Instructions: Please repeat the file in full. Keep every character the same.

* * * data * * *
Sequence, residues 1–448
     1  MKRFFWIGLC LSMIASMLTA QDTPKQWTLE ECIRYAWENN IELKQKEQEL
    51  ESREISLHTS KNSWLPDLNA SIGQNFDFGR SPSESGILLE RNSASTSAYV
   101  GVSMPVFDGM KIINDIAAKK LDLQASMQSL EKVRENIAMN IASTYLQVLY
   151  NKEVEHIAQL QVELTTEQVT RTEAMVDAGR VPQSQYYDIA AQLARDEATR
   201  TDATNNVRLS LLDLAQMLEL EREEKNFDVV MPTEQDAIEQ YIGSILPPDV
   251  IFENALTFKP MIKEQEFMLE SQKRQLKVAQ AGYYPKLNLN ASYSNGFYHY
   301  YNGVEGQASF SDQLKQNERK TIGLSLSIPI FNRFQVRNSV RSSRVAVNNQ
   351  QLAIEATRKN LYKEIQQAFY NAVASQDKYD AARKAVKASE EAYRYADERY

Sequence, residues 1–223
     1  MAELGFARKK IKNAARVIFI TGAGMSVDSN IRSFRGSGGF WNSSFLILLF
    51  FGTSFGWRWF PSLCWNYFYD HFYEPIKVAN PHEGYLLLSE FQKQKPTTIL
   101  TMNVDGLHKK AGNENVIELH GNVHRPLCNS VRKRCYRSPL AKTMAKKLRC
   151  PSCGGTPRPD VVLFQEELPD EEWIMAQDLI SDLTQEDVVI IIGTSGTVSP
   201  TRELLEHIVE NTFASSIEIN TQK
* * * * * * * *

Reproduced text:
Sequence, residues 1–448
     1  MKRFFWIGLC LSMIASMLTA QDTPKQWTLE ECIRYAWENN IELKQKEQEL
    51  ESREISLHTS KNSWLPDLNA SIGQNFDFGR SPSESGILLE RNSASTSAYV
   101  GVSMPVFDGM KIINDIAAKK LDLQASMQSL EKVRENIAMN IASTYLQVLY
   151  NKEVEHIAQL QVELTTEQVT RTEAMVDAGR VPQSQYYDIA AQLARDEATR
   201  TDATNNVRLS LLDLAQMLEL EREEKNFDVV MPTEQDAIEQ YIGSILPPDV
   251  IFENALTFKP MIKEQEFMLE SQKRQLKVAQ AGYYPKLNLN ASYSNGFYHY
   301  YNGVEGQASF SDQLKQNERK TIGLSLSIPI FNRFQVRNSV RSSRVAVNNQ
   351  QLAIEATRKN LYKEIQQAFY NAVASQDKYD AARKAVKASE EAYRYADERY

Sequence, residues 1–223
     1  MAELGFARKK IKNAARVIFI TGAGMSVDSN IRSFRGSGGF WNSSFLILLF
    51  FGTSFGWRWF PSLCWNYFYD HFYEPIKVAN PHEGYLLLSE FQKQKPTTIL
   101  TMNVDGLHKK AGNENVIELH GNVHRPLCNS VRKRCYRSPL AKTMAKKLRC
   151  PSCGGTPRPD VVLFQEELPD EEWIMAQDLI SDLTQEDVVI IIGTSGTVSP
   201  TRELLEHIVE NTFASSIEIN TQK